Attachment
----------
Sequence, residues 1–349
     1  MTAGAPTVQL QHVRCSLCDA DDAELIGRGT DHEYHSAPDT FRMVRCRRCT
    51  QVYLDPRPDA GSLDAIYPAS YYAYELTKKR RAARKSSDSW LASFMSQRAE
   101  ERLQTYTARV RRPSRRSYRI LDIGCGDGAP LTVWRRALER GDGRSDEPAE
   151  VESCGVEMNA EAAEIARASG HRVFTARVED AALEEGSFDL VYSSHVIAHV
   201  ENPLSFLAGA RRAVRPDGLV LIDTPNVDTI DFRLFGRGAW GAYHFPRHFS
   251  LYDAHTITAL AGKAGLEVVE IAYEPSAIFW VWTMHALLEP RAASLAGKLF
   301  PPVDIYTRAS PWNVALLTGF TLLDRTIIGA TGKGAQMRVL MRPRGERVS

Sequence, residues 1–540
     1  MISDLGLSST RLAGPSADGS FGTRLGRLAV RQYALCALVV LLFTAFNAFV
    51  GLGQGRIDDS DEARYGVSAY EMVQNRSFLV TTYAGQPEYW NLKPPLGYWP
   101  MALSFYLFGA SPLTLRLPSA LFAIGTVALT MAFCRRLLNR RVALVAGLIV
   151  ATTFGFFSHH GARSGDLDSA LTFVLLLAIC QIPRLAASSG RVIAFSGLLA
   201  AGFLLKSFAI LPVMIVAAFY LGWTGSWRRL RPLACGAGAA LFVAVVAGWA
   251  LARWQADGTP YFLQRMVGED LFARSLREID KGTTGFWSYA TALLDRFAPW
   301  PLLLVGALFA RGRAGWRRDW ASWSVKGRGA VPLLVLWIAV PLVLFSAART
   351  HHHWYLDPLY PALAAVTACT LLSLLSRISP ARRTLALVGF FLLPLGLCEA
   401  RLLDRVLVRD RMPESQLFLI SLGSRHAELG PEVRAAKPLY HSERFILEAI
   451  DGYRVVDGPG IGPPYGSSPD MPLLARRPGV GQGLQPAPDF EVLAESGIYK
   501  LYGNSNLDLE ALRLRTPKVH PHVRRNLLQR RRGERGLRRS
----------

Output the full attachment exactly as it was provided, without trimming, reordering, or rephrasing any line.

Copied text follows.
Sequence, residues 1–349
     1  MTAGAPTVQL QHVRCSLCDA DDAELIGRGT DHEYHSAPDT FRMVRCRRCT
    51  QVYLDPRPDA GSLDAIYPAS YYAYELTKKR RAARKSSDSW LASFMSQRAE
   101  ERLQTYTARV RRPSRRSYRI LDIGCGDGAP LTVWRRALER GDGRSDEPAE
   151  VESCGVEMNA EAAEIARASG HRVFTARVED AALEEGSFDL VYSSHVIAHV
   201  ENPLSFLAGA RRAVRPDGLV LIDTPNVDTI DFRLFGRGAW GAYHFPRHFS
   251  LYDAHTITAL AGKAGLEVVE IAYEPSAIFW VWTMHALLEP RAASLAGKLF
   301  PPVDIYTRAS PWNVALLTGF TLLDRTIIGA TGKGAQMRVL MRPRGERVS

Sequence, residues 1–540
     1  MISDLGLSST RLAGPSADGS FGTRLGRLAV RQYALCALVV LLFTAFNAFV
    51  GLGQGRIDDS DEARYGVSAY EMVQNRSFLV TTYAGQPEYW NLKPPLGYWP
   101  MALSFYLFGA SPLTLRLPSA LFAIGTVALT MAFCRRLLNR RVALVAGLIV
   151  ATTFGFFSHH GARSGDLDSA LTFVLLLAIC QIPRLAASSG RVIAFSGLLA
   201  AGFLLKSFAI LPVMIVAAFY LGWTGSWRRL RPLACGAGAA LFVAVVAGWA
   251  LARWQADGTP YFLQRMVGED LFARSLREID KGTTGFWSYA TALLDRFAPW
   301  PLLLVGALFA RGRAGWRRDW ASWSVKGRGA VPLLVLWIAV PLVLFSAART
   351  HHHWYLDPLY PALAAVTACT LLSLLSRISP ARRTLALVGF FLLPLGLCEA
   401  RLLDRVLVRD RMPESQLFLI SLGSRHAELG PEVRAAKPLY HSERFILEAI
   451  DGYRVVDGPG IGPPYGSSPD MPLLARRPGV GQGLQPAPDF EVLAESGIYK
   501  LYGNSNLDLE ALRLRTPKVH PHVRRNLLQR RRGERGLRRS